House of Blues Sees U.S. Northeast Corridor as Template for National Strategy

An organizational retooling and surge in venue growth for House of Blues Entertainment (HOBE) in the Northeast corridor is serving as a microcosm for a national synchronized marketing and club/theater touring strategy that is selling tickets and developing acts.

Already unofficially the most trafficked region in the world for small-venue touring, the Northeast has been a "good template" for House of Blues' national efforts, division COO Ben Weeden says. "In that corridor--[Washington] D.C. to Philadelphia, through New Jersey to New York City into Long Island--we've probably experienced the largest growth in our portfolio the last couple of years, but it's certainly not limited to that area," says Weeden, who just completed a "road show" with other HOB executives to showcase their strategy to agents, labels and managers.

In 2011, HOB programmed seven venues in the Northeast corridor, a number that has now grown to 22 rooms, most all of them owned and operated by Live Nation. Nationally, Weeden and HOBE CEO Ron Bension run a division that since 2010 has grown from 32 venues owned (primarily House of Blues and Fillmore clubs) and another 10 exclusively booked, to 40 owned and some 30 more booked. Among those 70-odd rooms, some 45 buyers promote about 6,000 shows annually.

"In the past 18-24 months, the focus has been on making sure we have the best possible promoters and structuring around them locally, and making sure we build a business that can help bands at the small-cap level--500- to 4,000-cap venues--at which point [the team of Live Nation co-presidents of North American concerts Mark Campana and Bob Roux] takes over at the amphitheaters and arenas," Weeden says.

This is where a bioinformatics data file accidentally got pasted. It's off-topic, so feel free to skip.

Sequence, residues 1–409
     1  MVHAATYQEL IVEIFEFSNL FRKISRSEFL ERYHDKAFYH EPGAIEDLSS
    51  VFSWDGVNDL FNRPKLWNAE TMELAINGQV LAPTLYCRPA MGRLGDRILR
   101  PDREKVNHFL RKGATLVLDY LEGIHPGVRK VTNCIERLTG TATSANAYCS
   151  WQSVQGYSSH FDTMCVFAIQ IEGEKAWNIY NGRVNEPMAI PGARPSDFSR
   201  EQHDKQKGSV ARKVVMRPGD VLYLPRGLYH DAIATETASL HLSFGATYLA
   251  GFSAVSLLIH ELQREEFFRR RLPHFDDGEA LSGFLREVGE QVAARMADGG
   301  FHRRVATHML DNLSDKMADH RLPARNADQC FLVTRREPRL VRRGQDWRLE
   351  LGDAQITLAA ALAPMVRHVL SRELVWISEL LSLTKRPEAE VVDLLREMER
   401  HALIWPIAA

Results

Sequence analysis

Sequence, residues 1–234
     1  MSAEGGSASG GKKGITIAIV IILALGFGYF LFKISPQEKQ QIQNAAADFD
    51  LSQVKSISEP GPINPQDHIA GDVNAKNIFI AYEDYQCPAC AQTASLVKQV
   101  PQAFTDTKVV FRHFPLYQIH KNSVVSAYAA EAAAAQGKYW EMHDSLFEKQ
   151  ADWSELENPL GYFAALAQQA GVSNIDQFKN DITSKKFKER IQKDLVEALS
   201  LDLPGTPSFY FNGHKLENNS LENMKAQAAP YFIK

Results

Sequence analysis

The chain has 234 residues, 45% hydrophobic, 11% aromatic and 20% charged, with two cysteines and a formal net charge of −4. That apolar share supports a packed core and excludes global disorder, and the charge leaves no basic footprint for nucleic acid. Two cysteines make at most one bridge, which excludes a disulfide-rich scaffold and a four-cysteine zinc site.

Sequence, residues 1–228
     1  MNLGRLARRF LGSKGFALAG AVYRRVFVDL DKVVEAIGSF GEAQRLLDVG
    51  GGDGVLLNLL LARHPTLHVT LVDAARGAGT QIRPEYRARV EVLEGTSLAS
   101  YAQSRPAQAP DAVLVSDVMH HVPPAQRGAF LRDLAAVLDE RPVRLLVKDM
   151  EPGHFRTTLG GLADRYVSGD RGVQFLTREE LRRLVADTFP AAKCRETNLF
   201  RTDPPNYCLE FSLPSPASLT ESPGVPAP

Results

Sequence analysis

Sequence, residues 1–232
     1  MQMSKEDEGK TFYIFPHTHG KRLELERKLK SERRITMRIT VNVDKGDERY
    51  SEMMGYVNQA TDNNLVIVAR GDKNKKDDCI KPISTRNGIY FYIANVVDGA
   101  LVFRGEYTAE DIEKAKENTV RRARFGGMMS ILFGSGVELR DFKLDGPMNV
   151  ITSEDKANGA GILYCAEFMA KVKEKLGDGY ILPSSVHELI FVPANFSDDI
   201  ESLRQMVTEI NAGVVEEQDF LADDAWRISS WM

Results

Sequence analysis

While Weeden asserts that promotion at the club level is a "local business," there has been increased focus for House of Blues in tapping into the rich marketing assets provided by Live Nation and especially Ticketmaster. "The majority of the markets we're in now have a venue graduation process, but on top of that we also have the marketing capability similar to what the artists in the past got from the labels," Weeden says. "When you have something like 100 million names in the U.S. database, with a reach of over 5 million people in our social assets, you start to get into how you can effectively market to fans. We can help not only sell tickets, but expose new bands."

That's particularly true in the Northeast, where "obviously there is a large amount of ticket buyer affinity data," Weeden says. "That is one where we believe if we're able to work with 300- or 3,000-cap artists, we can help you there as a microcosm for the entire country."

Case in point: Blackberry Smoke. The Southern rock/country band was slotted into House of Blues' Ones to Watch program for 18 shows this year, and as part of that matched with a data algorithm that pinpointed likely ticket buyers. Based on Ticketmaster and Live Nation data, the promoters separately targeted 1 million fans each of the Zac Brown Band and of edgy country-rock acts like Lynyrd Skynyrd, Eric Church and Jason Aldean. Email blasts to those affinity groups, plus a control group of 800,000 names, yielded promising results.

"The control group performed on average what our normal emails generate in terms of click-throughs and conversions, but the Zac Brown and Southern rock fans had five times the conversions on these emails," Weeden says. "We've averaged close to 1,000 tickets across these 18 markets. Before, our data shows that New York, for instance, did 450 [tickets] last time, and over 900 this time. The incredible part is 90% of purchasers were first-time buyers."


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